Human immunodeficiency virus-1 (HIV-1)-Tat, the transactivating gene product of HIV-1, has been shown to interact with different cell types, inducing gene expression, altering their growth and migratory behavior. In this study we examined whether Tat might affect functions of acquired immunodeficiency syndrome (AIDS)-related non-Hodgkin's lymphoma (NHL), relevant to the in vivo dissemination. Our results show that Tat significantly augmented the motility of the two AIDS-related Burkitt's lymphoma cell lines (AS283 and PA682PB) and AIDS-primary effusion lymphoma cell line (HBL-6-AIDS-PEL). Mutations in RGD or basic domain of Tat (KGE-MBP and LxI-MBP, respectively) sharply reduced migration compared with wild type, suggesting that both domains are required for migration. In contrast, a Tat protein mutation outside the active domains (NH2-TAT-GST) did not reduce lymphoma cell migration. The treatment of lymphoma cells with Tat did not influence their adhesion to matrix proteins or to human vascular endothelial cells, but endothelial cells treated with Tat became more adhesive to lymphoma cells. Flow cytometric analysis showed that treatment of endothelial cells with Tat induced the cell surface expression of the adhesion molecules vascular cell adhesion molecule-1 (VCAM-1) and E-selectin and increased the expression of intercellular adhesion molecule-1 (ICAM-1). Only antibodies against VCAM-1 on endothelial cells or against the VLA-4 integrin expressed on AS283 cells inhibited the increment of adhesion, indicating the relevance of this pathway in the adhesion of lymphoma cells to vascular endothelium. In our work, we show for the first time that Tat can enhance the migration of lymphoma cells and their adhesion to endothelial cells, two processes that may contribute to the malignant behavior of NHL in patients with AIDS.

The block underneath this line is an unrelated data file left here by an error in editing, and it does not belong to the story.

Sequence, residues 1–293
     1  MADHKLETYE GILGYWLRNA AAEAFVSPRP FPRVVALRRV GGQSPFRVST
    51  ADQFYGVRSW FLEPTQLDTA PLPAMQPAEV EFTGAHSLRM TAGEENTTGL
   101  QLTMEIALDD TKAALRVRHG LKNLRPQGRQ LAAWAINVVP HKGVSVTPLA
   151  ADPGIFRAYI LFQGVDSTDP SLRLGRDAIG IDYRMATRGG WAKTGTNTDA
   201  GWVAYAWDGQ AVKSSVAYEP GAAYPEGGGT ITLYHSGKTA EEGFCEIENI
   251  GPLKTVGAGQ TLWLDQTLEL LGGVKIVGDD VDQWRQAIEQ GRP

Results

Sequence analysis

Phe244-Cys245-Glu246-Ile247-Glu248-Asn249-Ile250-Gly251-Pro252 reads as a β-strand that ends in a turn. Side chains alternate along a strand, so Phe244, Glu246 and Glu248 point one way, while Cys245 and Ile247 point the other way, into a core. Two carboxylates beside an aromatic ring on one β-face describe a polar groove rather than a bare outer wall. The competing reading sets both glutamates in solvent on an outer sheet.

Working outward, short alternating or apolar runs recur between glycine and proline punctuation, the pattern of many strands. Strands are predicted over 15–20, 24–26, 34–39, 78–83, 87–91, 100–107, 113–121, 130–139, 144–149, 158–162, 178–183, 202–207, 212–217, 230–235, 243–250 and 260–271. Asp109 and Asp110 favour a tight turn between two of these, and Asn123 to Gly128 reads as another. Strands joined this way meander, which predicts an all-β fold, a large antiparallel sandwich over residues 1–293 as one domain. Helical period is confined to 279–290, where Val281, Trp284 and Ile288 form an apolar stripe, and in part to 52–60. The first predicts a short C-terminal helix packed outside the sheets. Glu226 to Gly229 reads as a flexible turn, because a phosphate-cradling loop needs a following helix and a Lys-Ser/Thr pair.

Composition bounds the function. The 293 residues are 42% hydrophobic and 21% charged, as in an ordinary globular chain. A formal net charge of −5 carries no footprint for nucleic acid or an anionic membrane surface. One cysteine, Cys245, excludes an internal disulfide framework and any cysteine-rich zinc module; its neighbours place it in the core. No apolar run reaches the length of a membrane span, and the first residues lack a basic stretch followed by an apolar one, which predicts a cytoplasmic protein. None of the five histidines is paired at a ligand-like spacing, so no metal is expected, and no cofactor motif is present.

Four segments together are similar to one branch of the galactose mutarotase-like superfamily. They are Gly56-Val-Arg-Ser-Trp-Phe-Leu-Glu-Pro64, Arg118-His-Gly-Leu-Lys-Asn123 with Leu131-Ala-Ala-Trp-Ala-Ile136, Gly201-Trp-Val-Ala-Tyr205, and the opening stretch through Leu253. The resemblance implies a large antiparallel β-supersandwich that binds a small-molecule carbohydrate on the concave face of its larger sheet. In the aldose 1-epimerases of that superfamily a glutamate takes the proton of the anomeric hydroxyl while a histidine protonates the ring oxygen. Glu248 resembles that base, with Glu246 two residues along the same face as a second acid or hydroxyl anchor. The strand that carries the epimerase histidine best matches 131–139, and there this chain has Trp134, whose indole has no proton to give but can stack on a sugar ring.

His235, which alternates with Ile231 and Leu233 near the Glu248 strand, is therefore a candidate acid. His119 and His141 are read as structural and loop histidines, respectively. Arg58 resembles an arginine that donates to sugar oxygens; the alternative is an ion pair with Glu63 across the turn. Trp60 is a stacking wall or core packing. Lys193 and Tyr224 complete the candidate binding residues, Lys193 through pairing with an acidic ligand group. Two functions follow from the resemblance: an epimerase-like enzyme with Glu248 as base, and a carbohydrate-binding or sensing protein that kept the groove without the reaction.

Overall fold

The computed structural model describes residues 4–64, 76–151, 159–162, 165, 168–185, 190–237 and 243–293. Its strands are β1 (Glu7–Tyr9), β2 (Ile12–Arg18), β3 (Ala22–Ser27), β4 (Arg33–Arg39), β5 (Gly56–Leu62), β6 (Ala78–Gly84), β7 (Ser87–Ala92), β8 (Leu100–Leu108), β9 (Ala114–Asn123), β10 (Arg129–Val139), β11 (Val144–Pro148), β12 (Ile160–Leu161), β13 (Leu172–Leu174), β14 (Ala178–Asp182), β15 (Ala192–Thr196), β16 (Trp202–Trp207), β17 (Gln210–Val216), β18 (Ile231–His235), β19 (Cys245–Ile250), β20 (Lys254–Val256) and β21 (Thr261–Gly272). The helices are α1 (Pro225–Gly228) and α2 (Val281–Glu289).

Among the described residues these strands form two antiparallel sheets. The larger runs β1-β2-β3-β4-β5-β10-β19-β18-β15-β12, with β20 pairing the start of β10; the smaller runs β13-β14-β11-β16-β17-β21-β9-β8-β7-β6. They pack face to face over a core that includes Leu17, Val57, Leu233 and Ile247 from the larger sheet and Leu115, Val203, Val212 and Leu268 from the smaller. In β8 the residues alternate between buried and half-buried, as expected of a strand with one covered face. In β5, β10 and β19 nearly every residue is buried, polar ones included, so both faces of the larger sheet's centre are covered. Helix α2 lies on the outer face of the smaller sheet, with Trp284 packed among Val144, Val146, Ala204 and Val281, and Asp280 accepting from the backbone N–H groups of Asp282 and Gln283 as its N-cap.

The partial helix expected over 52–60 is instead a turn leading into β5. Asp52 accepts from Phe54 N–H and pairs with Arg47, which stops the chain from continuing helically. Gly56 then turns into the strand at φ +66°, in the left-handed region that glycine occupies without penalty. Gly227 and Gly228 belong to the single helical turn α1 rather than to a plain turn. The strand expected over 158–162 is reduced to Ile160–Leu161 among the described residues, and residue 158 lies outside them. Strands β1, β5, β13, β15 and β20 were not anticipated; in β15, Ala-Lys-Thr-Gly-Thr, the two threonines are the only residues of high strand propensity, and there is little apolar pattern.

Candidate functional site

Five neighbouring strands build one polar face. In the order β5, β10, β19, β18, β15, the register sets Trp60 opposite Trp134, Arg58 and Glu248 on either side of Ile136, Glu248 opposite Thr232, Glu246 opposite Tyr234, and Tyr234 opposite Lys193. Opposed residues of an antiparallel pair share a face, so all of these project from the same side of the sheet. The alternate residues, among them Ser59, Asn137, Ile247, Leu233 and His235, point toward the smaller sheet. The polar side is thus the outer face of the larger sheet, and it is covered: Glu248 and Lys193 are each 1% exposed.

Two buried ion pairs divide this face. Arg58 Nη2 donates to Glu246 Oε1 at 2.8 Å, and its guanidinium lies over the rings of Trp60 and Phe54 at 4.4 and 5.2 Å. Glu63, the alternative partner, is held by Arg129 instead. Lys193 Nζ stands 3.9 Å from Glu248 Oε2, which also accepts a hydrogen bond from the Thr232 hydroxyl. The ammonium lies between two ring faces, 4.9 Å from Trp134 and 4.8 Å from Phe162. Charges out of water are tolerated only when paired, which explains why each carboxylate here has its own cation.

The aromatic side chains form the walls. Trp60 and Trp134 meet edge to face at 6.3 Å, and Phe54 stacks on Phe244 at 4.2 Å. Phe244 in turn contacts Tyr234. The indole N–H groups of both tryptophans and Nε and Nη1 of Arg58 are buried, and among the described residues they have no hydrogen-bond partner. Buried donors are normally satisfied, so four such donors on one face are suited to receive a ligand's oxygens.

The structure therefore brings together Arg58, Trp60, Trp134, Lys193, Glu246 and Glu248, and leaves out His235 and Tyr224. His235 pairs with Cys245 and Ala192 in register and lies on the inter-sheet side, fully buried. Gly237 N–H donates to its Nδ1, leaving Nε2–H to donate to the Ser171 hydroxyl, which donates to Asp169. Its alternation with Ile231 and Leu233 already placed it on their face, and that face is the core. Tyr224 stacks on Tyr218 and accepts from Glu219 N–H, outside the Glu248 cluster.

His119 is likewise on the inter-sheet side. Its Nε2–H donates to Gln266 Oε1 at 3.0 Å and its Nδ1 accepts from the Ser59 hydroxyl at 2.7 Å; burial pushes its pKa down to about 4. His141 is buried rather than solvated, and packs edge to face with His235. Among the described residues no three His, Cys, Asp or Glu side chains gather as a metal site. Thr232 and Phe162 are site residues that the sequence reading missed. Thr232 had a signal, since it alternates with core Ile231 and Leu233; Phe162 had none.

|Number of pages||8|
|Publication status||Published - Sep 1 1999|
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